As the day went on, the fog cleared and as the skill level of riders negotiating the mud pit increased, there was more success and some people were able to ride the whole “U” shaped circuit through the arena. I was still skeptical of my own abilities and until I actually entered the arena on my first lap, I was planning to run the entire thing.
At approximately 1:52, the whistle blew for the Women’s A race to begin, 30 seconds later, the Masters 35+ and then it was our turn, the Queen B’s. Don had taught me a new starting technique and I was going to try it out for the first time. Hands in the drops, butt on the saddle and when the whistle blows, just go.
It worked and I was off the line and in 2nd place coming into the first turn (much better than 25th position one week ago). Only Jen was in front of me and I wasn’t about to get beat, so pounded the pedals and within about 200 yards was in the lead. By the time I hit the steaming bark pile, and yes it was still steaming, I had caught the slower Masters and was slowed up a little through that narrow section, but was able to pass that group as soon as we emerged onto the bumping grass. Murph was there, along with Alan, Jim, Brian, Mar, Karen and a number of other loud voices. I was encouraged; I could do this, ride hard. By the second lap, I had caught my teammate Karen, who races with the Masters and is an extremely strong rider. “Get on my wheel” she said as she pulled me along the backside gravelly section. I was already tired, pushing myself as hard as I could, this course didn’t have any place for resting, it was all out, all the time. Over the barriers I passed Karen, but she was right there once we headed into the barns. Next was the arena; I was on Karen’s wheel and following her I was able to make it all the way through on my bike. We continued to pick people off and were in the mix with the slower A riders. Karen and I stayed together for the rest of race, it was all I could do to stay on her wheel during the straight-aways and she did every thing she could to catch up with me after the barriers. On the last lap, we got stuck behind some slower riders in the arena and I decided to dismount and run, Karen decided to keep riding. On two wheels, she had fewer choices in what lines she could take and got bogged down and boxed in, I passed her in the final straight away and we crossed the line just a few seconds apart.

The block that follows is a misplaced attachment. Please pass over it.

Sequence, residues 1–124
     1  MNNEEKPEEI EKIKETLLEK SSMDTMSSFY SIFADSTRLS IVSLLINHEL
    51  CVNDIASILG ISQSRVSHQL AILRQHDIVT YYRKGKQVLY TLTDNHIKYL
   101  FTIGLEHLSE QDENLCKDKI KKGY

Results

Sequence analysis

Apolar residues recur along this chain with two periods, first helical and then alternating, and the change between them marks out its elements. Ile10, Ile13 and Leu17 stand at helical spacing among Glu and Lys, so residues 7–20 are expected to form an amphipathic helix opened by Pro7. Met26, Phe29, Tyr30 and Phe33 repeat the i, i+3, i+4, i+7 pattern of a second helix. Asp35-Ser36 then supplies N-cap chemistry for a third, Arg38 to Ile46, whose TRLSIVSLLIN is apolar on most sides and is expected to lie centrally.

It had been an awesome race, Karen and I smiled at one another and embraced, fully covered in mud and slop, we couldn’t have been happier. Turning around and catching our breath, we saw Renee cross the line. She soon joined us and it was high fives all around. There was an excitement in the air that can’t be artificial. The Cross Crusade was over for the year, the Sunnyside Team had finished it off with a bang and we were covered in dirt. Why wouldn’t we be smiling?
I had won the race and the series, Renee finished 4th place and took 3rd in the series, Karen took 4th as well and Mary had her best finish of the season. I saw Murph, gave him a big hug and smiled. Enjoy this moment Bishop, I thought to myself; this is the last time you are going to feel this way for a while. I was no longer a B, I didn’t have a choice, next season I would be racing A’s; with the big girls. Already setting goals for the coming season, Top 10 in the A’s is a lofty one, but like I said, I am addicted.